Tail ( / usr / bin / tail ), ( engl. "tail ", " end " ) is one of the many text filter in Unix and Unix-like operating systems and is used to display the last lines of a file. Its counterpart is head, indicating the first lines of a file.
The functions and the behavior tails is defined by the POSIX standard.
The behavior and syntax of tail similar to those of many other command-line programs. It expects either a filename or an input data stream to stdin and provides its output to stdout, error messages are written to stderr. Expenditure can be redirected by conventional means ( Redirection, pipeline).
Tail [ options] [
Tail- c 100 / path / to / input # are all from the 100th byte counted from the beginning of the file, from tail- n -100 / path / to / input # are all from the 100th line, calculated from the end of file, from tail- n 100 / path / to / input # same as above, ie the last 100 lines The default is tail of the last 10 lines of a file.
Obsolete syntax variants
Most implementations (eg, AIX, HP- Ux ) understand beyond even a - now no longer recommended for use - syntax, which does not require the-n option:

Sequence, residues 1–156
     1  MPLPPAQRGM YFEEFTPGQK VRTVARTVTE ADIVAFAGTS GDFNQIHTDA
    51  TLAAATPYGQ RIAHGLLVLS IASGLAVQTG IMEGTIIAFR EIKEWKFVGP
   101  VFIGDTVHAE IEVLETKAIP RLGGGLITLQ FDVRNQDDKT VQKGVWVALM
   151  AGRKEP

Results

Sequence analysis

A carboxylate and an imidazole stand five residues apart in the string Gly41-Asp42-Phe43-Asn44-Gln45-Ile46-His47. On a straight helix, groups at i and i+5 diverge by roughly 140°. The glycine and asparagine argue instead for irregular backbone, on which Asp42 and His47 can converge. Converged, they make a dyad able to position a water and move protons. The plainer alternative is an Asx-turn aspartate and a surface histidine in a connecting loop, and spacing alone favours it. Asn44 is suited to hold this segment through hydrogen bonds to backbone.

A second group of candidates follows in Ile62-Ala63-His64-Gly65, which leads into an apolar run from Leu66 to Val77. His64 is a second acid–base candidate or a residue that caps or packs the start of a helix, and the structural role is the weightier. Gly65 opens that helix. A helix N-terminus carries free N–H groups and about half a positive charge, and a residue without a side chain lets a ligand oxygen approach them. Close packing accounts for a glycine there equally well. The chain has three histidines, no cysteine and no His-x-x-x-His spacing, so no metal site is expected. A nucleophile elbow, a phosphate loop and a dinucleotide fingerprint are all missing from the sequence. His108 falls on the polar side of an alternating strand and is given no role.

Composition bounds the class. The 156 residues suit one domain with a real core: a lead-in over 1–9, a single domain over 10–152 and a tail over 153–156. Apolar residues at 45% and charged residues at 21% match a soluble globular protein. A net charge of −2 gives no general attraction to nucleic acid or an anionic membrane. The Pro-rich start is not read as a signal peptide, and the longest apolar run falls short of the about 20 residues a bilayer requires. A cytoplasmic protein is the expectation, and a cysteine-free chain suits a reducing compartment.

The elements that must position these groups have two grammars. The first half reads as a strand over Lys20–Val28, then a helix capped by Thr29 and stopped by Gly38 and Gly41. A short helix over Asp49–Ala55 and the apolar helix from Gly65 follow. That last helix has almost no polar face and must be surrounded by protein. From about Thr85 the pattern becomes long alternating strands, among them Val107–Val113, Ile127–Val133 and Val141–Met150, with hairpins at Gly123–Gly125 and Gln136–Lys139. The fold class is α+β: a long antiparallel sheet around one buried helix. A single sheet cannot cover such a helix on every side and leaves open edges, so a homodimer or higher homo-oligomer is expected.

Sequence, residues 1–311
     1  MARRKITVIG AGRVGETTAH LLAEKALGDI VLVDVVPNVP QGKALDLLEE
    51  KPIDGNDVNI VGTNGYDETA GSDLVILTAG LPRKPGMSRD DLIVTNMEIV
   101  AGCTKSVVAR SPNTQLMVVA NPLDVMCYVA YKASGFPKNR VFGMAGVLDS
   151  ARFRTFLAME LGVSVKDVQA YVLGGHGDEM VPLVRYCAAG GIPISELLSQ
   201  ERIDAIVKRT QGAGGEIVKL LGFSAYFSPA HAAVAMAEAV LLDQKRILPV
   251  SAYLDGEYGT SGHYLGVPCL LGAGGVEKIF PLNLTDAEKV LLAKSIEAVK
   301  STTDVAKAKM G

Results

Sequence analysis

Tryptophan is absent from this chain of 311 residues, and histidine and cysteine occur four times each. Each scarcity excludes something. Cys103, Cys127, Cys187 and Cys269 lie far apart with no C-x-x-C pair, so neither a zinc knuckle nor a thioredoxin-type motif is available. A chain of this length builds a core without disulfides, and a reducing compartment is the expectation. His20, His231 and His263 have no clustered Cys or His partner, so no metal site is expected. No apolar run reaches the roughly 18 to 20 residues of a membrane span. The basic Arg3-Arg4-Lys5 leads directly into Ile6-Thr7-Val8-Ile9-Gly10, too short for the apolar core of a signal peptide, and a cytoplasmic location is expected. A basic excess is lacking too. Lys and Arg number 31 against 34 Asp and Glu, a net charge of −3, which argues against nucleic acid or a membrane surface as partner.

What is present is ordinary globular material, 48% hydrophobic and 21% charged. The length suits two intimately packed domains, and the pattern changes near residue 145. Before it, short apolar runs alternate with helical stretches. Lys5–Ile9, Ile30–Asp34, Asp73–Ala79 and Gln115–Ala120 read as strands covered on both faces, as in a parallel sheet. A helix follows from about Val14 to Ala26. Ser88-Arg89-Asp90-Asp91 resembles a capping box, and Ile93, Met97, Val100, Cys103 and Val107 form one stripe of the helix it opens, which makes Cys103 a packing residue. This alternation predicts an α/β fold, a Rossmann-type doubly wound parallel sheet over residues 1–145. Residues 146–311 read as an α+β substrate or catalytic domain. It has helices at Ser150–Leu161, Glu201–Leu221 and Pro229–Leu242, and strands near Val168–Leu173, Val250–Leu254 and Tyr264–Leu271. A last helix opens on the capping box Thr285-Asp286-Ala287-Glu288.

Tail -20 / path / to / input # the last 20 lines of a file tail- 50c / path / to / input # the last 50 bytes of a file This syntax does not match the POSIX standard and should therefore be avoided. It can not be assumed that this syntax is the same yet supported on a system or a future version.
With the switch -f (follow) the output will be continuously updated as long as the program to the SIGINT signal is sent (for example, the key combination Ctrl C). This function makes tail suitable (eg logs) as a live monitor for constantly-changing files.
The following example displays the last 15 lines of the log of an HACMP cluster ( / usr / es / adm / cluster.log ) and continuously adds new items:
Tail- f n 15 / usr / es / adm / cluster.log Web Links
- Tail (1) - Debian GNU / Linux Executable programs or shell commands manual page